Myths take a long time dying, especially in jazz where the ability to confuse fact and fantasy has marked several generations of both critics and listeners. Perhaps the great Buddy Bolden could be heard for 14 miles on a clear night, but those who still believe that old one deserve to be interned in the same kind of institutions that housed Buddy in his latter days. The European jazz musicians, despite years of recorded evidence stretching right back to the wonderful Django Reinhardt, is still considered by many who should now better to be inherently inferior to his American equivalent, whether white or black. This is one myth that seemingly refuses to die down, but organisations like the Kenny Clarke-Francy Boland Big Band hammer a few more nails into its coffin every time they go on stage or into a recording studio. Francy Boland has painfully won his way into critical fashion to the point where most observers of the scene feel no qualms about liking him with the Duke Ellingtons and the Gil Evanses. The fact that a band made up of several nationalities, and including such greats as Kenny Clarke and Benny Bailey, has insisted on playing almost nothing but Boland music for more than a decade should be proof enough for all but the deal and certifiably insane. But, like I’ve said, myths die hard. Perhaps the sudden arrival of this acclaim has had something to do with the subtle and radical change which has come over Boland’s composing and arranging in the last couple of years. As the world discovers the skills of the man from Namur as the keeper of all that’s good in the wonderful big band jazz tradition, he has quietly expanded his musical thinking on the stage where the existence of the CBBB as an instrument for his imaginations is virtually comparable to that of the Ellington, has done with his men. Like Ellington and unlike, say, Gil Evans, Francy Boland has the advantage of having an orchestra to write for. In the decade of the CBBB’s existence, he has had time to weight up and balances the massive resources within the band and every track abounds with examples of his judgement. By now he knows exactly when to call on the phenomenal lead trumpet playing of Benny Bailey as in “Osaka Calling” and the incredible rock finale of “Exorcisme”; where Tony Coe’s remarkable clarinet will add that touch of piquancy to an arrangement, as on “Endosmose”; when to use the beautiful sound of the three trombone section as a carpet for the soloist, as he does behind Billy Mitchell’s tenor on “Exorcisme” ; when to call on the immense firepower of the two drummers, Klook and Kenny Clarke, as on “Sakara”. The examples are plentiful on these seven cuts. Those who have just caught up with the continuing progress of Francy Boland, composer and arranger extraordinaire, may have to adjust their sights for “Off Limits”. For here Boland shows that as well as being an arranger who cherishes and uses all that’s best in the glorious big band tradition, he has expanded his sphere of operations considerably. The four tracks on the first side are on of the rare occasions when Boland has gone to other composers for his raw material. And just in case that myth rears its ugly head again, it’s worth pointing out that the four composers whose work he uses are all European – John Surman (Great Britain), Albert Mangelsdorff (Germany), and Jean Luc Ponty and Eddie Louiss (France). John Surman’s “Winter Song” shows that this phenomenally talented young British saxist has sound composing abilities, too. Boland takes the opportunity for a romp on his electric piano, an instrument which more and more jazz pianists are finding increasingly attractive and intractable. Boland’s clean, crisp lines have a guitar-like quality. The other attractions of this track are the graceful solo by Art Farmer, Bailey’s muted trumpet, Sahib Shihab’s amplified soprano (another device which most practitioners find a bit difficult to control) and, finally, Tony Coe’s tenor. “Astrorama” is by the gifted French violinist Jean Luc Ponty and is well spaced out in Boland’s arrangement, with ample room for several orbits by Dusko Gojkovic (trumpet), Shihab on soprano again, and Åke Persson’s trombone. “Osaka Calling” was written by Albert Mangelsdorff, an occasional member of the Band, and is certainly one of Boland’s most fascinating arrangements to date. The muted, chattering trumpets make an eerie backdrop for the arranger’s piano and Tony Coe’s tenor before Benny Bailey does his oxygen mask act the end atop the ensemble. Organist Eddie Louiss “Our Kind Of Sabi” permits Boland to unfurl the glories of his saxophone-soloists, which Ronnie Scott breaking out for a few furlongs in winning style. The second side showcases three of the “new” France Boland’s compositions and emphasises that he is not a man to indulge rashly in radical re-thinking. Judged by his previous work, with the exception of the tantalising “Fellini 712” album, these exercises in “progressive” writing should have been tentative, “experimental” affairs. But, again, Boland’s exquisite control of the resources at his fingertips is overwhelmingly impressive. Perhaps Francy was ready to go to the musical barricades a long time ago, but he had to wait till his associates were ready to move with him. The way in which the Band, as a whole and as individual soloist, respond to the fresh challenges and new roles which these three compositions demand, prove that Boland has timed his campaign perfectly. As Klook said after the CBBB had shared a concert in Palermo with the Duke in July 1970: “I think, Francy, we are ready to something else”. There is an added poignancy to “Endosmose”. The searing alto on this track was the last that Derek Humble recorded with the Band before his death on the 23rd of February 1971. Humble was one of the pillars which sustained the CBBB organisation in its earliest days and, thankfully, lived to enjoy the international acclaim which the Band was accorded after many years of struggle. The sessions, both in the studio and in public that Derek made in his last year showed that he was on the verge of becoming as great and individual a soloist as he was a section leader. Derek Humble’s musical epitaph was the unique sound he gave to the CBBB sax section. His was as great a loss to Boland as Johnny Hodges was to Ellington. A refusal to play safe and give the public what it wants has marked the works of the finest jazz musicians. “Off Limits” shows that the CBBB has broken through to another era in its unique progress. If it’s anything like the one that went before, we can only rub our hand in anticipation.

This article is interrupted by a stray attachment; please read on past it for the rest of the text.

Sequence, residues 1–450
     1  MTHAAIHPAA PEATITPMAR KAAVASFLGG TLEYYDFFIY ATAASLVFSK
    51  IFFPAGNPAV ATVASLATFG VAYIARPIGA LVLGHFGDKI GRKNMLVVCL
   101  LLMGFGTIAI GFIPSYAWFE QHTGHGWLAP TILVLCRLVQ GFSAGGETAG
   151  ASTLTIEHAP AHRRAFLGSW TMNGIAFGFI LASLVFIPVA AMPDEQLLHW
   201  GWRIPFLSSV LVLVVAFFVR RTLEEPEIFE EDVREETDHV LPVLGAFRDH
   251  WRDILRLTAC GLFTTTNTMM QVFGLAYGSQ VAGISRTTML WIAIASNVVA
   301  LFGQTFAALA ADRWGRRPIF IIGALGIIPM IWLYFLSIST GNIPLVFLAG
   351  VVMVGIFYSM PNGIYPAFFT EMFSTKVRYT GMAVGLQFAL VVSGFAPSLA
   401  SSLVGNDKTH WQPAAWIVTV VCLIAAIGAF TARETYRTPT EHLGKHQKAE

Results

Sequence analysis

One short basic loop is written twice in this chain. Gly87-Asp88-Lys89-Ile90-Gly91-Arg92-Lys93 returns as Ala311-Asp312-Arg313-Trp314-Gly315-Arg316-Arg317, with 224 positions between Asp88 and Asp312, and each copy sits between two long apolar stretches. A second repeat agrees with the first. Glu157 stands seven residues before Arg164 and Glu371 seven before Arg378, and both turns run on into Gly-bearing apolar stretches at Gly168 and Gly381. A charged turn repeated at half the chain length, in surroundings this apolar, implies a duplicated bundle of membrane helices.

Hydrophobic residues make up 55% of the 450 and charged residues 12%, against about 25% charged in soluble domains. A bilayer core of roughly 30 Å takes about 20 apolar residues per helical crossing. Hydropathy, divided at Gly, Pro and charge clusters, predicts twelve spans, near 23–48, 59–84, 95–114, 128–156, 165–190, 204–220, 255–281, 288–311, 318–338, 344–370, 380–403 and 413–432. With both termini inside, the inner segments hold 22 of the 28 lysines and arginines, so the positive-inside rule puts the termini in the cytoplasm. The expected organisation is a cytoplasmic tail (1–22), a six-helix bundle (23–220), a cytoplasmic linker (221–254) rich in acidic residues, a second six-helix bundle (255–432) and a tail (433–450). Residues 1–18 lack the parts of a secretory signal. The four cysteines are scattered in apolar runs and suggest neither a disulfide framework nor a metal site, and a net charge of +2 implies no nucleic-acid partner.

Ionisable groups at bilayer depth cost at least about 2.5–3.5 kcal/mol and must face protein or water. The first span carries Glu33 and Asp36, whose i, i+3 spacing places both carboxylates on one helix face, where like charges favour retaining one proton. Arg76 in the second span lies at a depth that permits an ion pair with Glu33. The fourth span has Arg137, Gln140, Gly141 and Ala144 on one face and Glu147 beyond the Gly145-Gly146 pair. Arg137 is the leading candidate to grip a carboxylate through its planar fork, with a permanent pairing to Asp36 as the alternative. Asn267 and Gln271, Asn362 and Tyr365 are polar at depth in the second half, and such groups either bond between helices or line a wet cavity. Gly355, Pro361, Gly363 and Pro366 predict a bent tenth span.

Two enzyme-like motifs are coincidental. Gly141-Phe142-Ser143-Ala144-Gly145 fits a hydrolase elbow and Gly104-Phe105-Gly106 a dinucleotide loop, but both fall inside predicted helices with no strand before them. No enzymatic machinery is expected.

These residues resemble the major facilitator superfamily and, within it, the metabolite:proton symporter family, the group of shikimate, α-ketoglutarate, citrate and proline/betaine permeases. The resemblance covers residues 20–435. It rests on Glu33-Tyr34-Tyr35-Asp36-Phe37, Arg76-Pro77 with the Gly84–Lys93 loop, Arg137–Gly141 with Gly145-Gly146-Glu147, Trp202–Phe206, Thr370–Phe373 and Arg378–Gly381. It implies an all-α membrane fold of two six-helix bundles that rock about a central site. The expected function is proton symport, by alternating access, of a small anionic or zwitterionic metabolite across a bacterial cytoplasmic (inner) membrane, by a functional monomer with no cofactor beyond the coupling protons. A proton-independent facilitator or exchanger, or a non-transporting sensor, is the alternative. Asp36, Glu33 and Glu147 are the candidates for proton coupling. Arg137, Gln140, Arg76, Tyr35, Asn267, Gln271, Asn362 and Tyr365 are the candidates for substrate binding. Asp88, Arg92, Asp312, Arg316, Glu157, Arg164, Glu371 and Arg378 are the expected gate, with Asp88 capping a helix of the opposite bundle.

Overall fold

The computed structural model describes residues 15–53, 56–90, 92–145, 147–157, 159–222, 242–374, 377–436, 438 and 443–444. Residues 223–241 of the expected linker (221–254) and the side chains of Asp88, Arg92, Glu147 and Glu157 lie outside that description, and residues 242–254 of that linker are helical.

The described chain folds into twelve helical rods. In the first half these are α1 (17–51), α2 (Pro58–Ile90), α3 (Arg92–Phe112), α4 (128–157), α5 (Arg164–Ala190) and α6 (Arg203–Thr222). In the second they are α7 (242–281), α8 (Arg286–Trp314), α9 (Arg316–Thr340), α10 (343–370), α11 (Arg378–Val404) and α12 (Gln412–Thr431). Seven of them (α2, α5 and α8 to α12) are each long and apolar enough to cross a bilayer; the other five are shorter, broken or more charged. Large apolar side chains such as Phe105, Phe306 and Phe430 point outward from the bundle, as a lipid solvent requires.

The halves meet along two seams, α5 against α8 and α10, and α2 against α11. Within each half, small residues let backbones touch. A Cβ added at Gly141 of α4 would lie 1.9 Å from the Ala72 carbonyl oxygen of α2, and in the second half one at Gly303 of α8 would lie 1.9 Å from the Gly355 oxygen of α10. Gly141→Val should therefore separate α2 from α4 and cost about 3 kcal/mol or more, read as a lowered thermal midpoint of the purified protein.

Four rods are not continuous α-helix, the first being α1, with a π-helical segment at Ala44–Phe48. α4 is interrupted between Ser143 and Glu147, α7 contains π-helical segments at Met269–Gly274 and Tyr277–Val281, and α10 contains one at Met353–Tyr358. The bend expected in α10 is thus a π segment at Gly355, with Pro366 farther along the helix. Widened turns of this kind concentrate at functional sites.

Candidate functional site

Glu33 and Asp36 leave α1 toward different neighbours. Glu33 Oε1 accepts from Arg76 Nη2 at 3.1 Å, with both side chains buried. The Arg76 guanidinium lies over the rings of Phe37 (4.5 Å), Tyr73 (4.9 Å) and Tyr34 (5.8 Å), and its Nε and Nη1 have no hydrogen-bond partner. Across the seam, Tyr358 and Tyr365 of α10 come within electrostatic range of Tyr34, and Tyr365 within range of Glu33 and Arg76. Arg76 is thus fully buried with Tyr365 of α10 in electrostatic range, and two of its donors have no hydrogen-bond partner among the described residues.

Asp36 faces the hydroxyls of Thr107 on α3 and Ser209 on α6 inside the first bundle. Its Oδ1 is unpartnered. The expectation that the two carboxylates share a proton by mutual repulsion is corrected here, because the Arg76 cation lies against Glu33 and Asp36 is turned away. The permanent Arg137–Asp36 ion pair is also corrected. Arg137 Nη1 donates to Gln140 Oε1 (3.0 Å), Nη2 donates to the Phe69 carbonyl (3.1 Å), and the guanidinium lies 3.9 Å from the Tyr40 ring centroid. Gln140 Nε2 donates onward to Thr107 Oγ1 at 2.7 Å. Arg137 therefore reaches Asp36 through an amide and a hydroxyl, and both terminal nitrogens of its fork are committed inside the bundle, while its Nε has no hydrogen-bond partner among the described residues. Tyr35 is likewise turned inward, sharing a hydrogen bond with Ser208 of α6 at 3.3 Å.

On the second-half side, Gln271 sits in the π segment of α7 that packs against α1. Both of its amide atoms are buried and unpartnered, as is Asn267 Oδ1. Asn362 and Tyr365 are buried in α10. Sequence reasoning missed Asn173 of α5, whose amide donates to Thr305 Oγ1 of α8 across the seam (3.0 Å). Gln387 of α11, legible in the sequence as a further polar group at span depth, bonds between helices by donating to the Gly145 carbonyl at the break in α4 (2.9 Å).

_ By Bob Houston